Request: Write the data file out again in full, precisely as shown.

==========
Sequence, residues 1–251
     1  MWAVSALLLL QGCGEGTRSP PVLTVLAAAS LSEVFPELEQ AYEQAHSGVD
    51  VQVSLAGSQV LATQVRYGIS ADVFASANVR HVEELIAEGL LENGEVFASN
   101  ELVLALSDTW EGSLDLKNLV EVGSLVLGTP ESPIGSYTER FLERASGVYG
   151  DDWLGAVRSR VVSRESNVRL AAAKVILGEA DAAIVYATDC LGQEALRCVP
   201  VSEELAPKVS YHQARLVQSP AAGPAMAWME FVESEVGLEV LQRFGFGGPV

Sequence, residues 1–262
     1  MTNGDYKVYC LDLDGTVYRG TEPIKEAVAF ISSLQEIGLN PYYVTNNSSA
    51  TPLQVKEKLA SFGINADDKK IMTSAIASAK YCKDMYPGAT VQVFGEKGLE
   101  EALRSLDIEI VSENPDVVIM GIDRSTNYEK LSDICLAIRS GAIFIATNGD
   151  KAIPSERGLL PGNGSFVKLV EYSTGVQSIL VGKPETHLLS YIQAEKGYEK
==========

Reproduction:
Sequence, residues 1–251
     1  MWAVSALLLL QGCGEGTRSP PVLTVLAAAS LSEVFPELEQ AYEQAHSGVD
    51  VQVSLAGSQV LATQVRYGIS ADVFASANVR HVEELIAEGL LENGEVFASN
   101  ELVLALSDTW EGSLDLKNLV EVGSLVLGTP ESPIGSYTER FLERASGVYG
   151  DDWLGAVRSR VVSRESNVRL AAAKVILGEA DAAIVYATDC LGQEALRCVP
   201  VSEELAPKVS YHQARLVQSP AAGPAMAWME FVESEVGLEV LQRFGFGGPV

Sequence, residues 1–262
     1  MTNGDYKVYC LDLDGTVYRG TEPIKEAVAF ISSLQEIGLN PYYVTNNSSA
    51  TPLQVKEKLA SFGINADDKK IMTSAIASAK YCKDMYPGAT VQVFGEKGLE
   101  EALRSLDIEI VSENPDVVIM GIDRSTNYEK LSDICLAIRS GAIFIATNGD
   151  KAIPSERGLL PGNGSFVKLV EYSTGVQSIL VGKPETHLLS YIQAEKGYEK